Modes of thinking

What is the difference between focused and diffused modes of thinking?

Thinking is something we do all day, every day. Whether it’s working out an especially difficult problem, planning what you’re going to order from the takeaway later, or daydreaming about nothing in particular, thinking is what helps us to come up with solutions and achieve our goals.

Of course, thinking when you’re trying to work out a problem is the most intense mode of thinking, but this isn’t the only way that you are likely to find the answer.

There are in fact two different modes of thinking- focused and diffused- which, when deployed in the most effective manner, can help you to solve problems even quicker and more efficiently!

Focused mode

As the name indicates, this is when you sit down and dedicate your whole concentration on doing something. This is a direct approach to solving a problem or learning, and it uses rational, sequential, and analytical approaches.

Some examples of focused mode thinking include: giving a public talk, learning facts (such as the times tables), and solving a rubix cube.

Essentially, if all your attention is focused on doing something, you are in focused mode thinking!

However, this can be a narrow and specific way of working out something, and this is particularly evident when you’re trying to solve a problem. If you’re sat trying to figure out a difficult problem, sometimes it can be hard to think of another solution other than the wrong one you initially came up with. This is called the “mindset effect”.

The mindset effect

When we first approach a problem, we may come up with what we think is the right method and answer. Inevitably, it turns out to be wrong. But then, as you’re trying to think of a new way to solve the problem, you just can’t escape the way you have already tried!

If this has happened to you, you are definitely not alone. Everyone finds it difficult to see another way to approach the problem, but the trick is to learn how to overcome it. The mindset effect acts as a barrier for us when we’re trying to learn, so we need to take a step back and allow ourselves to find an alternative method to get the answer.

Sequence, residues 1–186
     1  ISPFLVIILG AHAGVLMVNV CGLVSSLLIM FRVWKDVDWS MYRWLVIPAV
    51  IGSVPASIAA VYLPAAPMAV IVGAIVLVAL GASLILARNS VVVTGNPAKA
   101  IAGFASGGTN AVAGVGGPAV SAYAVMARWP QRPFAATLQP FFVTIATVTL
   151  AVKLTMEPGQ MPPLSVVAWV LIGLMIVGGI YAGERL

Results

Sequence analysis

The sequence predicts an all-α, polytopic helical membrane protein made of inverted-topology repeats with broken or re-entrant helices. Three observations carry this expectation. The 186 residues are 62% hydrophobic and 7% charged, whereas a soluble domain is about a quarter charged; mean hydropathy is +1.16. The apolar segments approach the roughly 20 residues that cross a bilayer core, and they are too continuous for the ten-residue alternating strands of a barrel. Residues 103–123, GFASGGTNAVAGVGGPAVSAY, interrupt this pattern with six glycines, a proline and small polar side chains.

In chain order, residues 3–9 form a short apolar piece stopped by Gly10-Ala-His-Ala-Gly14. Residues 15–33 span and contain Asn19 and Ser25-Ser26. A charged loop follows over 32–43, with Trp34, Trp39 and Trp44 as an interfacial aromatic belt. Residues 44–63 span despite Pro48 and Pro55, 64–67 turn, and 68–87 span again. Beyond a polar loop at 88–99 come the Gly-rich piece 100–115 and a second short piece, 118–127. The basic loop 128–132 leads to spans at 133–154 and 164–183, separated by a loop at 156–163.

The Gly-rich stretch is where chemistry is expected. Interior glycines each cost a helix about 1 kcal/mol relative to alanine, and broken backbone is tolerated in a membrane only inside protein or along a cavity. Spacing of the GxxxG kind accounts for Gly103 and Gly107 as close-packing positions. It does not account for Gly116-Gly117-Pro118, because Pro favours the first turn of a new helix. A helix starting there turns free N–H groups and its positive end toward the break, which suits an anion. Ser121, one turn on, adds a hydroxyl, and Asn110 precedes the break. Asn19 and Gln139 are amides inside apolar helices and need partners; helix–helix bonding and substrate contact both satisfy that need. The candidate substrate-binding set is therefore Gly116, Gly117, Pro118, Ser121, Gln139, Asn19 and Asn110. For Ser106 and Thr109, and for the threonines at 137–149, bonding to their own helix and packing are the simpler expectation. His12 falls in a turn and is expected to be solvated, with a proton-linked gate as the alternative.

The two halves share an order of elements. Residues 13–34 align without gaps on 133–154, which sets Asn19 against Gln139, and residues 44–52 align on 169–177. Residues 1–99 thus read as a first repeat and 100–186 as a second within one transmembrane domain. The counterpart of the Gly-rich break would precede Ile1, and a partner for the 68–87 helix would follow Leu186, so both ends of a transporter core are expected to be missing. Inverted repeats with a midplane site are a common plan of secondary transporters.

Diffused mode

This is where diffused mode thinking comes in. In contrast to focused mode thinking, diffused mode is when you allow your mind to relax and wander and think about all kinds of things!

When you leave the table (and what you’re working on), diffused mode thinking kicks in. It allows you to take a step back and see the bigger picture, which in turn can be beneficial when you come back to your work as you may have thought of new techniques and solutions that could help.

So, if you’re struggling with your work, don’t get frustrated and refuse to leave the table until you’ve solved it. Go for a walk, have a shower, eat something, or even do a bit of other work, anything except working on that specific problem! Even though you will be distracting your mind for a bit, your subconscious will still be working on the problem and you may find you have a ‘lightbulb’ moment when you come back to the task in hand.

Diffused mode thinking allows you to look at and solve problems in a more relaxed, natural way, and this is when learning becomes easy!

How do I use this information?

Knowing this is all very well, but how can you implement it in your learning? Well the key is always to start with focused mode thinking. It is important to put your mind to the problem and really try to come up with a solution, which you may end up doing! In which case, move on to the next question.

If, however, you are struggling, getting frustrated, and can’t see any other way to find the answer, this is the mindset effect. Just accept that it will happen and use it as a prompt to take a break in whatever way you choose. This is when diffused mode thinking will kick in, which will give your mind a chance to step back from the problem, and hopefully see the right way to get the right answer!

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